"(1) Do the parents of a child born following a failed tubal ligation have a cause of action for special damages against the treating physicians and hospital for the extraordinary psychological and/or educational expenses which may be incurred in raising their child, where the complaint alleges that Mrs. Williams' medical history included a hyperactive son by another father, but there are no allegations or proof that the Defendants proximately caused Emmanuel Williams' Attention Deficit Hyperactivity Disorder?
(2) Where plaintiff[s'] expert testifies that the public school will more likely than not fail to provide the appropriate special education, special therapy or mental treatment, should the plaintiff[s] be allowed to present evidence, as part of their damages, showing the future extraordinary educational expenses of the abnormal child in a wrongful pregnancy action?"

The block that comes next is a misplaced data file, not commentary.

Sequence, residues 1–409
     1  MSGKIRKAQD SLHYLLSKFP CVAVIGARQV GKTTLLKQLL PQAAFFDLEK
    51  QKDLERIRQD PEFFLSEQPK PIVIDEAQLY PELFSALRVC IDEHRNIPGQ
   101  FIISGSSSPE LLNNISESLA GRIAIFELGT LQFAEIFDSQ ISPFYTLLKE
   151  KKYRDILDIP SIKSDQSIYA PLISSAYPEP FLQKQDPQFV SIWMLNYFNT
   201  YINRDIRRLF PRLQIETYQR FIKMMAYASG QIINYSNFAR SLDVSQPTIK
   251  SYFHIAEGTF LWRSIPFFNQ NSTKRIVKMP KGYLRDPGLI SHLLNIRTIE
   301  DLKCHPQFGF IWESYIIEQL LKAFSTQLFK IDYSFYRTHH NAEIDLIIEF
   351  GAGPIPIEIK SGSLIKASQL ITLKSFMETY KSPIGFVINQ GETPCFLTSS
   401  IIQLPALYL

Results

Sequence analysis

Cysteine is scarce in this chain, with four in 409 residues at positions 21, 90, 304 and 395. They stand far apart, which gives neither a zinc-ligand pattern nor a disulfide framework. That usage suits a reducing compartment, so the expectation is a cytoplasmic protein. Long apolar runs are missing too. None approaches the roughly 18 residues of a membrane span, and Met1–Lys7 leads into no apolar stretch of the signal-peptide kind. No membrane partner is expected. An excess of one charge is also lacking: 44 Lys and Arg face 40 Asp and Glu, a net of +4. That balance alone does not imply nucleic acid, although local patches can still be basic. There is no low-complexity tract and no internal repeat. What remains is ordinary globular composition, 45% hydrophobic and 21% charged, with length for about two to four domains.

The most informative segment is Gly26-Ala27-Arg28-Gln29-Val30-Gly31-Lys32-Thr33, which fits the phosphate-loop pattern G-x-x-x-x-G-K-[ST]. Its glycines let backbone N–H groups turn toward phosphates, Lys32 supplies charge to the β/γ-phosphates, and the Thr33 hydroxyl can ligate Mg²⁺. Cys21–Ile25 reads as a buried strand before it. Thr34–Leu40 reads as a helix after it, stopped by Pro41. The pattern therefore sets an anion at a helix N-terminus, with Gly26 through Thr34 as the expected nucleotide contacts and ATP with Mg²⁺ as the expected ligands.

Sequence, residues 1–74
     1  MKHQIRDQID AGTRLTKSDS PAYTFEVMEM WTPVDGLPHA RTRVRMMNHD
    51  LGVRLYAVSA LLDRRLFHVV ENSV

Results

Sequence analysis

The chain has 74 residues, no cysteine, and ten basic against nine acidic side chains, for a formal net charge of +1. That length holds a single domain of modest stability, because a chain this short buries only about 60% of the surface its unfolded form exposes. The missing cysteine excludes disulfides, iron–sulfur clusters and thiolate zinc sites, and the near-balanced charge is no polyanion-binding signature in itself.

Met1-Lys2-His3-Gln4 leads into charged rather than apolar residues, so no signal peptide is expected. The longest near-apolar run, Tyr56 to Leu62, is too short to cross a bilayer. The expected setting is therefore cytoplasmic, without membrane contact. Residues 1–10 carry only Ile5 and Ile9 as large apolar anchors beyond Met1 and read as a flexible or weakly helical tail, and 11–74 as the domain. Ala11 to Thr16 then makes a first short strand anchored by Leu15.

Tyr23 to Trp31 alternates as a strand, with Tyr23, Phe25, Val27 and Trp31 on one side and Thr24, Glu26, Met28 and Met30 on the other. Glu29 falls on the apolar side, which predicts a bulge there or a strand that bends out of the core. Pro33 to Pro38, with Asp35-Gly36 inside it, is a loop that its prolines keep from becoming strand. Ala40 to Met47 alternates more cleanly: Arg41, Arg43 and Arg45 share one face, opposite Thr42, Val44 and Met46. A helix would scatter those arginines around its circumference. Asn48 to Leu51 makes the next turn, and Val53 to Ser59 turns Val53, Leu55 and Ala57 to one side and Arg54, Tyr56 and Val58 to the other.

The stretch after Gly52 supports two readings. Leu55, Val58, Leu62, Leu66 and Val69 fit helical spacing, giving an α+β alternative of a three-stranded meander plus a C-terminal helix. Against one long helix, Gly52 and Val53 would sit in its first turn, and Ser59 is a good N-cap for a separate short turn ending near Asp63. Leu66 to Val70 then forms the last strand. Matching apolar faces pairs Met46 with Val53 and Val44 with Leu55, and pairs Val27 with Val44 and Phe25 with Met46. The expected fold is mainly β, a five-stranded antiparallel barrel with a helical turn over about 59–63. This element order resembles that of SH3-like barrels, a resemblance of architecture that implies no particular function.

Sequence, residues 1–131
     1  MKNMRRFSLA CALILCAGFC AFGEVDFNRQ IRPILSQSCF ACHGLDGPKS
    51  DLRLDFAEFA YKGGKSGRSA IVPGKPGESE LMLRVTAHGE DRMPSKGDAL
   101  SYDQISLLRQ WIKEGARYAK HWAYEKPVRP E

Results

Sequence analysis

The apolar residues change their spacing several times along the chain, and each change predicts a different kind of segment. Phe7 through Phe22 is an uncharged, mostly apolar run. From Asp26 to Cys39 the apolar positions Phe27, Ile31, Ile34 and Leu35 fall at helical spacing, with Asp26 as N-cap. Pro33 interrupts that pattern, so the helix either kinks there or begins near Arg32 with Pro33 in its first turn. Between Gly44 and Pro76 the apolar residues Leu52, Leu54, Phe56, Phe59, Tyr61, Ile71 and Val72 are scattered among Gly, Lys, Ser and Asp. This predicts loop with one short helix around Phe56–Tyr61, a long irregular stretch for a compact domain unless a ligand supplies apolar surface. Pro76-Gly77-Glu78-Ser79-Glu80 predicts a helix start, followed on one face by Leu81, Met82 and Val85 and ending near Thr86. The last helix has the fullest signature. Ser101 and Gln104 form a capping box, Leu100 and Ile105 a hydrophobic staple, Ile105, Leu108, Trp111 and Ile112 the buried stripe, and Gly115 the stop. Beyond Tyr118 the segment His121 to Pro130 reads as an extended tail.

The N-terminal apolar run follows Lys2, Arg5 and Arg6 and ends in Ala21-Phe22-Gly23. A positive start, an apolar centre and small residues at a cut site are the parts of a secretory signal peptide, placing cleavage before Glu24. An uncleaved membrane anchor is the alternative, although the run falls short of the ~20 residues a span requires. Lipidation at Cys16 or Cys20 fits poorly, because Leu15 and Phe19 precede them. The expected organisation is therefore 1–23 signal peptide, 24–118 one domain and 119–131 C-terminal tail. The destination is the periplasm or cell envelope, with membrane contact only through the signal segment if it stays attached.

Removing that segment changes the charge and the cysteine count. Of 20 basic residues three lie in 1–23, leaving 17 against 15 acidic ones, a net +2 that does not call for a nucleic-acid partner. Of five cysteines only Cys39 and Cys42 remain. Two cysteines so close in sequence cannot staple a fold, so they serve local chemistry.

No Illinois case provides a clear answer to either question. Recent years have witnessed a growing body of case law throughout the United States addressing a variety of issues arising from allegations that medical negligence resulted in the births of either unwanted healthy children or wanted or unwanted children suffering from various genetic and congenital defects and ailments. (See Note, Damages: Recovery of Damages in Actions for Wrongful Birth, Wrongful Life and Wrongful Conception, 23 Washburn L. J. 309 (1984) (citing cases).) The Illinois Supreme Court has addressed the issues in two exhaustive opinions, Cockrum v. Baumgartner, 95 Ill. 2d 193, 447 N.E.2d 385, 69 Ill. Dec. 168 (1983) and Siemieniec v. Lutheran General Hospital. Both cases discuss the divergence of thought on the issues that exists in courts of review throughout the nation. The opinions themselves illustrate that divergence. Two justices dissented in Cockrum. In Siemieniec, one justice concurred specially in part; two justices concurred specially in part and dissented in part; they did not concur in or dissent from the same parts of the majority opinion.